What Causes Tectonic Plates to Move?

Answer

The movement of tectonic plates is caused by the flow of magma beneath the earth's crust's surface. The movement may result in formation of valleys or eruptions of volcanoes.
Q&A Related to "What Causes Tectonic Plates to Move?"
Plate tectonics are moving all the time. However, they mostly move due to the stresses they add up over a couple of hundred to thousands of years.
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As the material in the mantle heats up, convection currents cause the mantle to move which can cause plate tectonics above to move.
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Mount St. Helens is part of the Pacific "ring of fire, an area of intense volcanoes and earthquakes due to tectonic movement. There are seven major (primary) tectonic plates
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Generally, it is accepted that tectonic plates are able to move because of the
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3 Additional Answers
Tectonic plates 'float' on the molten rock magma. As the molten magma gets heated up, the heat causes convection currents, a movement of rising and sinking caused by heat, inside the molten magma. The magma rises and spreads out across the surface, then cools and sinks, making the plates to move.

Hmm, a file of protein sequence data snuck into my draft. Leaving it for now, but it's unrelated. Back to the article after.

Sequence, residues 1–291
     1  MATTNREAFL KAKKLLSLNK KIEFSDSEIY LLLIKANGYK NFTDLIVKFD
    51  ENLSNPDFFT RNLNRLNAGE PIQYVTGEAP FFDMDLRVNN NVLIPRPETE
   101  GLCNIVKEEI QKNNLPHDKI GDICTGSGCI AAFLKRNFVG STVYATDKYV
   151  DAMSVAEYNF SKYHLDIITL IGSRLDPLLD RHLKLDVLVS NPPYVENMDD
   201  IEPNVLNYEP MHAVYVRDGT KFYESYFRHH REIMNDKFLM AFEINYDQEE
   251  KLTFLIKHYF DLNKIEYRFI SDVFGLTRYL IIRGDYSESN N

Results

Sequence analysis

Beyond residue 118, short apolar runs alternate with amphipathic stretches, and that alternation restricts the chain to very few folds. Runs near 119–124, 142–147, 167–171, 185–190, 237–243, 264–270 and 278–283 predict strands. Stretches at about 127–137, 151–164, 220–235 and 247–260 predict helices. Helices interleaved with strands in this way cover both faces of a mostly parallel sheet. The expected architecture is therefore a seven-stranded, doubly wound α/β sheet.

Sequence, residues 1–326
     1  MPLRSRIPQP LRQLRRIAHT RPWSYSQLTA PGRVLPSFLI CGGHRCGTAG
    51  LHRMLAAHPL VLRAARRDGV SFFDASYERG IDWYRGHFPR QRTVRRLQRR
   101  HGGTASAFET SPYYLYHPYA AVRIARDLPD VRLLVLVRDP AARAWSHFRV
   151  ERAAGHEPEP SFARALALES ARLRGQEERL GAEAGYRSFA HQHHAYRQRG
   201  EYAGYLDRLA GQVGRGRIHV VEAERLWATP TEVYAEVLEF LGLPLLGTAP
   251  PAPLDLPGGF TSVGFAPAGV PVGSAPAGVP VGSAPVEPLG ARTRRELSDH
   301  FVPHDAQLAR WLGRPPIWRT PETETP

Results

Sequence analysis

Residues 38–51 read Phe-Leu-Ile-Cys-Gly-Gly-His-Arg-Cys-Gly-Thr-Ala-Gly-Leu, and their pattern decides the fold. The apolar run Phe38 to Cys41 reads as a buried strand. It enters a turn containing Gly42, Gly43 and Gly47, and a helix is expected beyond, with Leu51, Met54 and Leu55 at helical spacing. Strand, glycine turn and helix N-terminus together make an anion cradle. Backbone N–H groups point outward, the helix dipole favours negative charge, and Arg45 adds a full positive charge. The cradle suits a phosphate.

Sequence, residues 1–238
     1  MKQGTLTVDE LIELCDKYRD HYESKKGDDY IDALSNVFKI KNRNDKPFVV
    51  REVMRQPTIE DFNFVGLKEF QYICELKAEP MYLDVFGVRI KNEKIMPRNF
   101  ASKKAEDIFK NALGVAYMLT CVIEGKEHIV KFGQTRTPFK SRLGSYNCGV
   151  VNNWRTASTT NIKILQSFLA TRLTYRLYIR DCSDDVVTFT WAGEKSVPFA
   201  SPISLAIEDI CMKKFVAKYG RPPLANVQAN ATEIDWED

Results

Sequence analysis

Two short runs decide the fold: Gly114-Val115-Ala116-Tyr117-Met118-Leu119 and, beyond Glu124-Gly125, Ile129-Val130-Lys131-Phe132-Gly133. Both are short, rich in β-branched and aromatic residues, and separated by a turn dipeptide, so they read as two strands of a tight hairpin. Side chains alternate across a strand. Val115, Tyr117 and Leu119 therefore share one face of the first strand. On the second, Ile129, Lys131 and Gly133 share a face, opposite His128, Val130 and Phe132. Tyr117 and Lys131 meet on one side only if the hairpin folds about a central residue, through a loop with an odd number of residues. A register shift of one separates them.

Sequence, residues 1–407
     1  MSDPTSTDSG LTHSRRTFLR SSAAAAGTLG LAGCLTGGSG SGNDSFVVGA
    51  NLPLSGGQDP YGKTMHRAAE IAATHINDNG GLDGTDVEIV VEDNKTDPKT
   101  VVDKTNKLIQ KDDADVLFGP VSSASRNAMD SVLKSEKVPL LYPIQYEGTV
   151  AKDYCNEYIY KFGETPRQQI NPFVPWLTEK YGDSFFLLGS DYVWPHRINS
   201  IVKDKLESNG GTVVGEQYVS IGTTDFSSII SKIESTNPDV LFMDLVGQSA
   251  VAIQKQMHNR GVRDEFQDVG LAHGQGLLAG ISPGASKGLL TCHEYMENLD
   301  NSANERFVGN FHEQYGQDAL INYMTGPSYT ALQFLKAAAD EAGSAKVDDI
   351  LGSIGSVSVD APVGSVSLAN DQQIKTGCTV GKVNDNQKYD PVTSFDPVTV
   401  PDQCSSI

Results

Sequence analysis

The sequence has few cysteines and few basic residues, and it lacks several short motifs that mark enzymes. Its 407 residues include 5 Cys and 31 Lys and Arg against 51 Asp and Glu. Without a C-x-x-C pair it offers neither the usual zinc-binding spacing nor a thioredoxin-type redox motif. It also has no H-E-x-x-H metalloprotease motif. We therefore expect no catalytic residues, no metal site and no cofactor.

The causes of the movement of plate tectonics is the extensive heat in the core of the earth that makes the molten rock found in the mantle layer to move. The movement of plates is divided into transform, divergent and convergent movements.
Since tectonic plates are made of crust and mantle rock they are lighter and less dense. The materials under the Earth cause motion and as a result the tectonic plates begin to move.
Explore this Topic
Tectonic plates are able to move due to the earth's lithosphere having a higher strength and lower density. The major plates are consisted of the seven continents ...
Tectonic plates move because mantle rocks near the radioactive core are heated and the warmer rocks rise while the cooler rocks sink creating slow, vertical currents ...
The theory of plate tectonics refers to the science that suggests that the outer rigid layer of the earth is divided into plates that move relative to each other ...
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